On Friday night, the Charleston Light Opera Guild welcomes Kathy Mattea to its theatre on Tennessee Avenue as part of the theater troupe’s 70-year celebration.
It promises to be a night of country music from one of West Virginia’s favorite daughters, with maybe a few memories thrown in for good measure.
Mattea is a Light Opera Guild veteran, but she got into the guild in the first place because she was maybe just a little too smart for her own good.
“I skipped a grade,” the country singer said.
The downside to being bright was that most of her classmates and friends all got their driver’s license a year before she did.
“There was this one summer where all my friends were getting their driver’s licenses, so they could get jobs, while I was still 15,” she said.
Mattea said her mother told her she was worried about her daughter being stuck at home all summer with nothing to do.
“I think she was really worried about being home alone with me,” the singer joked. “I was like a border collie with nothing to do.”
Her mother saw a casting call announcement in the newspaper for a summer production of “Godspell.” The Charleston Light Opera Guild show was part of George Washington High School’s summer theater program.
Mattea’s mother asked if she was interested in going to the audition.
“I thought it sounded like fun,” the singer said.
Her mother drove her from Cross Lanes to the high school in Charleston, where she tried out for a part, any part.
“And I didn’t make it,” Mattea said.
But she’d come close. Mattea had been marked down as a first alternate.
“The first day of rehearsals, somebody didn’t show up,” the singer said. “They called the house at 8 in the morning to see if I still wanted to do it.”
Mattea’s mother drove her right over.
“I spent the summer doing ‘Godspell,’” she said, “That show introduced me to everybody in the Light Opera Guild. I found my passion and from then on, I was eaten up with it.”
Guild rehearsals back in the summer of 1974 were a lot like guild rehearsals now. There was a slow build with readthroughs, sing-throughs and figuring out choreography and blocking on the stage.
“Then as you got closer to the show, it was more and more intense,” she said. “You’d hear and see the sets being built on the other side of the building.”
The members of the guild took the 15-year-old Mattea under their wings. They made sure the high school student got a ride home from rehearsal. They let her parents know where she was.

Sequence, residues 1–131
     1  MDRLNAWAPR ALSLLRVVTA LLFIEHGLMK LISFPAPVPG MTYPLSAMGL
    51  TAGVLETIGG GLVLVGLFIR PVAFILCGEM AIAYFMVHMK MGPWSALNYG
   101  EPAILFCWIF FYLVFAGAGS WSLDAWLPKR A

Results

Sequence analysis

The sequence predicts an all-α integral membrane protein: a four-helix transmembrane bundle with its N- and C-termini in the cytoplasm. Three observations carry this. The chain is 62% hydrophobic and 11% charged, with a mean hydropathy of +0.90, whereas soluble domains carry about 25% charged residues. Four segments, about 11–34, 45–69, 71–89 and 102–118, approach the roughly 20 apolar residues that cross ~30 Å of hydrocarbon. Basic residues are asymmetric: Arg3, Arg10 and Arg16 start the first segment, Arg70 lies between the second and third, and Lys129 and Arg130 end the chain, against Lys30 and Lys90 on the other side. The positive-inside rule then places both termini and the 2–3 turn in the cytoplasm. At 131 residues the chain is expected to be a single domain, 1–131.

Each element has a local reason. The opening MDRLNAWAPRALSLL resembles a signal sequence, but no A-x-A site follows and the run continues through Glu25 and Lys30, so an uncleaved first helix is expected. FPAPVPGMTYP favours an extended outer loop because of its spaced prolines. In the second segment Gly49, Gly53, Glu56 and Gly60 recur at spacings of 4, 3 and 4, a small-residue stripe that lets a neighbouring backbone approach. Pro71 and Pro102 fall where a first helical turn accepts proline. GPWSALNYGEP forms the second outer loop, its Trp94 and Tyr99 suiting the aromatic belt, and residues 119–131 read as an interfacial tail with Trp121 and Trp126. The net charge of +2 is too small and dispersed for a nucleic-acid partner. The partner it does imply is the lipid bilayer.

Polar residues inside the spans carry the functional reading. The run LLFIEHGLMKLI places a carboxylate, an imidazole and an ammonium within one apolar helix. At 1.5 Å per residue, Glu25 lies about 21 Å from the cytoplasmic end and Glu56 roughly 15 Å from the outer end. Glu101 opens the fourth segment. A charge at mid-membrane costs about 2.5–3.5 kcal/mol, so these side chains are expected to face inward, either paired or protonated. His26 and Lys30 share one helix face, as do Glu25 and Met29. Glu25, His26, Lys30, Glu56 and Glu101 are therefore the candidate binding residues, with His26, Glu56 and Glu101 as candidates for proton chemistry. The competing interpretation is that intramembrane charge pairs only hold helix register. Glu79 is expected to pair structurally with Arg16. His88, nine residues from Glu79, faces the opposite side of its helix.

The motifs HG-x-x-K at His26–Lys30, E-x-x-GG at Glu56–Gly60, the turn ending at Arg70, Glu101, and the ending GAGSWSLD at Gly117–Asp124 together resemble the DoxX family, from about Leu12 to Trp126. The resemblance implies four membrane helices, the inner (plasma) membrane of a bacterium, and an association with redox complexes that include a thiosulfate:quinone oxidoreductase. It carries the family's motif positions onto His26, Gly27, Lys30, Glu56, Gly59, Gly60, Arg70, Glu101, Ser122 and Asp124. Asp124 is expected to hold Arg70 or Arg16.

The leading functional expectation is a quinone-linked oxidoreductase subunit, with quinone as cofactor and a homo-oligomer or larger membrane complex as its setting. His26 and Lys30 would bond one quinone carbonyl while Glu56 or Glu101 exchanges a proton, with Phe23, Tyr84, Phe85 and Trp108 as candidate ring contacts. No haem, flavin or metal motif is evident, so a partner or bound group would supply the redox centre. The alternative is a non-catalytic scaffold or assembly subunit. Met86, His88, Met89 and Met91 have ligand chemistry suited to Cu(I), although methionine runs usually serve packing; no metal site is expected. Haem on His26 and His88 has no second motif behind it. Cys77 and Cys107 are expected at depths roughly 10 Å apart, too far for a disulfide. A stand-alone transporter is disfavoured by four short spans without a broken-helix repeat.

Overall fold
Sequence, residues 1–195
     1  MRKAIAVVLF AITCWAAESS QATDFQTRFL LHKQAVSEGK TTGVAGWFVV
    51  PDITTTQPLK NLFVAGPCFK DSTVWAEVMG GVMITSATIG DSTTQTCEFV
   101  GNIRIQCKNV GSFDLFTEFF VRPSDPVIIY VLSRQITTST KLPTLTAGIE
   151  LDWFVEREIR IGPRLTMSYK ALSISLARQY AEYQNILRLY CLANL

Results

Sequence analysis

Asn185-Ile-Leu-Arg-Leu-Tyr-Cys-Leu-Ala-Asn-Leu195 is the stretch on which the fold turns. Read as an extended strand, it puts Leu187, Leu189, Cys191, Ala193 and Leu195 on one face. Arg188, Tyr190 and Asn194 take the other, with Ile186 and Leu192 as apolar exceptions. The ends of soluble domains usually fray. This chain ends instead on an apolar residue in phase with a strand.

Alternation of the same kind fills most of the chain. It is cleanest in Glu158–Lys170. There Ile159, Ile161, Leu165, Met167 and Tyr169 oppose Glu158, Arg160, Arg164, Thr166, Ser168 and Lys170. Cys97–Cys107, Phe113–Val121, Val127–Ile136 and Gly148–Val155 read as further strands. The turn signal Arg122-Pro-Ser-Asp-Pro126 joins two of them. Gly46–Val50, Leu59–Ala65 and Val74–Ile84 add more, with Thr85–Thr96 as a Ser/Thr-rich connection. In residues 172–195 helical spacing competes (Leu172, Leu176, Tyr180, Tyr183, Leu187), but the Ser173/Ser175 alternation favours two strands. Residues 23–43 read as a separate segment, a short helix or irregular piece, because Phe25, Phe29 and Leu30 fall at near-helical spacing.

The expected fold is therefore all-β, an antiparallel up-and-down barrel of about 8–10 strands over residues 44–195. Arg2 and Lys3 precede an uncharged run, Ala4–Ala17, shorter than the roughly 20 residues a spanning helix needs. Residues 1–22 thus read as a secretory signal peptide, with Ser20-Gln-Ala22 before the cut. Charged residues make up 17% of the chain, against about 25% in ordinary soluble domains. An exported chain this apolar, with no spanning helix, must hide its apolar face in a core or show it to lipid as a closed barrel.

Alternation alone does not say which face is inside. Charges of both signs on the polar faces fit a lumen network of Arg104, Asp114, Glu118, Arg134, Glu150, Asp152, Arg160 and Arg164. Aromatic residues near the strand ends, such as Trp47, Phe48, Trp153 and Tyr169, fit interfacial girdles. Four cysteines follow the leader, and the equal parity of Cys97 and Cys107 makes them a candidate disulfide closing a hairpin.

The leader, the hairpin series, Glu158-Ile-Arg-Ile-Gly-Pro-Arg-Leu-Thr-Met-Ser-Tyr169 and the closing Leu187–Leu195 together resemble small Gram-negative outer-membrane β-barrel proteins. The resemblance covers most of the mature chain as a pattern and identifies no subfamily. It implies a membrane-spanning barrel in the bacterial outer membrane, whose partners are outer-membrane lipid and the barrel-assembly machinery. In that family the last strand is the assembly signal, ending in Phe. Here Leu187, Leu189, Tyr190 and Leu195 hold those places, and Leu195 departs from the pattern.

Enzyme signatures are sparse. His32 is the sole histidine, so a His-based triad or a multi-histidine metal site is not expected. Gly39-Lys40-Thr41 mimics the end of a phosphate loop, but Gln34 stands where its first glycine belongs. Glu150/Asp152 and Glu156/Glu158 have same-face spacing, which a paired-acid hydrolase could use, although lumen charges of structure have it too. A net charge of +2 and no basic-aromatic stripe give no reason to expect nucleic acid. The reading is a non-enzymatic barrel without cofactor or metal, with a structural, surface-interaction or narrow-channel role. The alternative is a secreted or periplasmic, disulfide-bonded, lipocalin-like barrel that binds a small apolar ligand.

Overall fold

“And then we would all come together as this ragtag crew of people,” Mattea said. “Toward the end of the show, we each held a tiny piece of the production, but when we put it together it was somehow more than the sum of its parts.”
All of the long hours and hard work were distilled into a 90-minute show before a live audience and a warm crowd.
“It was the most satisfying thing in the world,” she said. “You got to see what you’d contributed to.”
All the memories from the show weren’t good. Mattea remembered having her face painted and getting her picture taken for The Charleston Gazette.
“It was right after I’d had the worst haircut in my life the week before,” she said. “I was mortified.”
That one thing aside, the show was a lot of fun.
Other shows with the guild followed, though Mattea said she couldn’t remember them all. It was a long time ago, but she was glad to get to come back and share some of her music to support the light opera guild as it kicks off its 70th year.
Mattea promised an intimate show, with many of the songs she’s known for, along with some of the material from her latest record, “Pretty Bird.”
She’ll be performing with her longtime sideman and friend, guitarist Bill Cooley.
“Bill and I have this kind of language on stage,” she said. “It’s part of what makes us work so well together.”
It will be a busy weekend for Mattea. Along with performing at the guild theater on Friday, she’ll be in town through Sunday as she guest hosts Mountain Stage.
Mattea said she was supposed to host the radio program a couple of times in the coming year.
“It’s a real honor for me to come help out and for them to let me hold the baby for a while,” she said.